Sharon, a registered nurse with 39 years of experience, wanted to be there for her father when he began his battle with cancer in 2007. But his condition was difficult and unpredictable. He was in immense pain, had fainting spells, and sometimes required unscheduled emergency medical treatment. “Sometimes he needed to be taken to the hospital by ambulance. We had to be there to talk to the doctors to know what was going on. That was our dad,” Sharon said.
Then in November 2007, Sharon was involved in a serious automobile accident, and the stress began to mount. “I was taken to the hospital by ambulance,” she said. “As I was laying there and talking with my son, I became afraid of losing my job. My accident was on a Friday, which meant I would miss my shift. I started crying.” However, Sharon was able to contact her boss, who assured her he would not fire her.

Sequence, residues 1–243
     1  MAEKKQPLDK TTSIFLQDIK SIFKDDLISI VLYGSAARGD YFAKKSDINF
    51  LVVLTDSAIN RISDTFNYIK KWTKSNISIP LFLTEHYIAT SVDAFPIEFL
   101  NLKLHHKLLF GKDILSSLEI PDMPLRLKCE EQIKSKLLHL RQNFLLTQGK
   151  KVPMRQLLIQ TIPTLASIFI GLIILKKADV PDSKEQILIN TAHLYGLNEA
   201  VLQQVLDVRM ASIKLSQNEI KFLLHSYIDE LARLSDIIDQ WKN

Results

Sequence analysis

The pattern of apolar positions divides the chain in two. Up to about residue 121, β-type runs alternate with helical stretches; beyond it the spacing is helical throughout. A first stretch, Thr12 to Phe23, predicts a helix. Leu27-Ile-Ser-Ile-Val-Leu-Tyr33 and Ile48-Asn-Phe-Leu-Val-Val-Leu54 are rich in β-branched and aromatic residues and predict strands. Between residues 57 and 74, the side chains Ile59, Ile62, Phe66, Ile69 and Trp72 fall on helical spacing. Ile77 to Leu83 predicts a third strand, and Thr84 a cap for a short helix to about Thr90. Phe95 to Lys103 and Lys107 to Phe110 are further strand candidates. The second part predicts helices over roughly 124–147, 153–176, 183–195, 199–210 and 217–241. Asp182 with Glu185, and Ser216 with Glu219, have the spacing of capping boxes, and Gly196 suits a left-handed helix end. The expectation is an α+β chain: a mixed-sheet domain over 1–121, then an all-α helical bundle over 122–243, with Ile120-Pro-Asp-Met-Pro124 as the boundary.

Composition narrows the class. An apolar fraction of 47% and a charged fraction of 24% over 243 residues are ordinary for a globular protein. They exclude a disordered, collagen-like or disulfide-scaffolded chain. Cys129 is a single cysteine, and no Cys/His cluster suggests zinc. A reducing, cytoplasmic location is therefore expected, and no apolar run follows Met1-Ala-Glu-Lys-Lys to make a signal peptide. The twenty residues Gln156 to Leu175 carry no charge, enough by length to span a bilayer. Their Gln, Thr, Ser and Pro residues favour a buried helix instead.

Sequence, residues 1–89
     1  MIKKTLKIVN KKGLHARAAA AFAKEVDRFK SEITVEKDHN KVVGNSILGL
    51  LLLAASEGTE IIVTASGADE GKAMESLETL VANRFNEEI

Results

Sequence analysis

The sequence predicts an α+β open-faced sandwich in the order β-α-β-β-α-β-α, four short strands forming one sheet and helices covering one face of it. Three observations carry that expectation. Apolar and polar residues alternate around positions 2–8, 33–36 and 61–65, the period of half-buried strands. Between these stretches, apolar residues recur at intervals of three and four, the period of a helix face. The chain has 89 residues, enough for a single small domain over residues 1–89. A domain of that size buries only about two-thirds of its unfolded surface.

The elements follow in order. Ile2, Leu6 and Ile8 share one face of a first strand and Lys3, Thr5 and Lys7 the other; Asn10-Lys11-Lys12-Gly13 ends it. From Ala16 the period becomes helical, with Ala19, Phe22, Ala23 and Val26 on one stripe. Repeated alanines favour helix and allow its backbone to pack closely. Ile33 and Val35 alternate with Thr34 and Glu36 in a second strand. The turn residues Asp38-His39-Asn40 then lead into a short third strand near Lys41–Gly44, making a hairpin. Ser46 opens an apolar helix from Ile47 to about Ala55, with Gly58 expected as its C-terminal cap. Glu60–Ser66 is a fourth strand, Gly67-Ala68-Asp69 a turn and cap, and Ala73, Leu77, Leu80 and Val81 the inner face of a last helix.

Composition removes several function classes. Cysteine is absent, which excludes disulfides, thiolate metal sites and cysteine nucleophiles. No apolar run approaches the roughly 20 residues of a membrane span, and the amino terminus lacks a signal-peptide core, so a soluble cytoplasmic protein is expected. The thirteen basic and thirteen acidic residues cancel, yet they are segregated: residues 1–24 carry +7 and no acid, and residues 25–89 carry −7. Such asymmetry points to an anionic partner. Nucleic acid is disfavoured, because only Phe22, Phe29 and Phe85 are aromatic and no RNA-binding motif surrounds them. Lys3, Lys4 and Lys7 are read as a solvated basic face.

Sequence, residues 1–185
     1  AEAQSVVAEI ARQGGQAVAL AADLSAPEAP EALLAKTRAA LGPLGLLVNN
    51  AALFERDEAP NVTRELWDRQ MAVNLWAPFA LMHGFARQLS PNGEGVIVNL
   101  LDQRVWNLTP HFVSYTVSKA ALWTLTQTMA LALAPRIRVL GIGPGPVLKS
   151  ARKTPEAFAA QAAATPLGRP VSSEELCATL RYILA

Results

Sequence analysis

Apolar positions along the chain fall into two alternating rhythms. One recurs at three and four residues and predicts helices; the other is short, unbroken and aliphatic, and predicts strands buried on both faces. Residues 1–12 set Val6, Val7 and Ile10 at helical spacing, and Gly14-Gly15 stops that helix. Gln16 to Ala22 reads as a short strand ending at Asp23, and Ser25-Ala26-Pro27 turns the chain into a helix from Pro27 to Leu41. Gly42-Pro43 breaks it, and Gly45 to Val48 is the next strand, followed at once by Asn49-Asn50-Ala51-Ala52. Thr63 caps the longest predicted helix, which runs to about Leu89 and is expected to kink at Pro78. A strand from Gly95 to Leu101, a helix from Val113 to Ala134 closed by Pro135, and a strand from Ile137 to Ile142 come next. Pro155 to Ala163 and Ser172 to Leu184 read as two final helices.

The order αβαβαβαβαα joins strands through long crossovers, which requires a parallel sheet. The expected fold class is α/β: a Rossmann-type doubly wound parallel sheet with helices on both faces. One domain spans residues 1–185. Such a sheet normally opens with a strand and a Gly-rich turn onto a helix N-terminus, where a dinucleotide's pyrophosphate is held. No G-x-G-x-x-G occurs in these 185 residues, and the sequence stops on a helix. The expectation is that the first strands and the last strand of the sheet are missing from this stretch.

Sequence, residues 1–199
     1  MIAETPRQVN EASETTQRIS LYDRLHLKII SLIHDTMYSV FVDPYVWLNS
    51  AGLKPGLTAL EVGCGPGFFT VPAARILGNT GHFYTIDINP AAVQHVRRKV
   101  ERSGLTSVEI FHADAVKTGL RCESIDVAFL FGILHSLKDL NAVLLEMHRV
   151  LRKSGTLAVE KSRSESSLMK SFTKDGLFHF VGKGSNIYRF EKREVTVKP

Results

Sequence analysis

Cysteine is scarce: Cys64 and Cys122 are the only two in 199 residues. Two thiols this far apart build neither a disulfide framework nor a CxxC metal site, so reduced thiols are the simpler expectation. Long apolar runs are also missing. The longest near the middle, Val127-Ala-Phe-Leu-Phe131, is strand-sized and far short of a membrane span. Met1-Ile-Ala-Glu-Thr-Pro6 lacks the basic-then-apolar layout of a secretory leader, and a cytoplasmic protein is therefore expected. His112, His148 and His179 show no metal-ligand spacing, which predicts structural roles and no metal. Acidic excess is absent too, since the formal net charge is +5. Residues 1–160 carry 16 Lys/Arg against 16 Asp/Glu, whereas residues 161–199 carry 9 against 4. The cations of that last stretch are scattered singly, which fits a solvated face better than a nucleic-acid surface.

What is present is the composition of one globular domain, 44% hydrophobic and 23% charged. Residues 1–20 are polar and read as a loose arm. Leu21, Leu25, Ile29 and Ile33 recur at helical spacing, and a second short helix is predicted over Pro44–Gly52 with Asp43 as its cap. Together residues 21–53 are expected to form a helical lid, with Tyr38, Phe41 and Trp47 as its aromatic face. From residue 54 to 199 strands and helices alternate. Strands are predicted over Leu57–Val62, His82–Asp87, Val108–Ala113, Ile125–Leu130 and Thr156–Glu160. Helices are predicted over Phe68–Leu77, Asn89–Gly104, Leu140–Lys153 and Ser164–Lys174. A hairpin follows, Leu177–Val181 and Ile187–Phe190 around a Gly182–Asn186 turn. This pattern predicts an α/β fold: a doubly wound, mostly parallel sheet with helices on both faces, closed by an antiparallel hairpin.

After the accident, Sharon’s father continued having health problems, and he passed away a few months later. Despite Sharon’s 19-year employment history with the hospital, and lots of support from coworkers, she was warned numerous times by her employer.
“I was told in an evaluation I was using too many sick days, and as I was a weekend supplemental nurse, they could just not use me if I continued to ‘abuse.’ They would remove me from the schedule,” Sharon said. Her total offense? Ten sick days over a 16-month period. “I could only reply, ‘it was when my dad was dying.’” Though Sharon was never fired from her position, she eventually left for a new job because of the stress and negative effect on her personal and professional life.
Balancing her work and family obligations would not have been so difficult for Sharon if her employer allowed more workplace flexibility and did not penalize her for using the sick leave she had earned. Without that added job stress, Sharon’s own health would have been better and she would have been more productive when at work during her father’s final illness.
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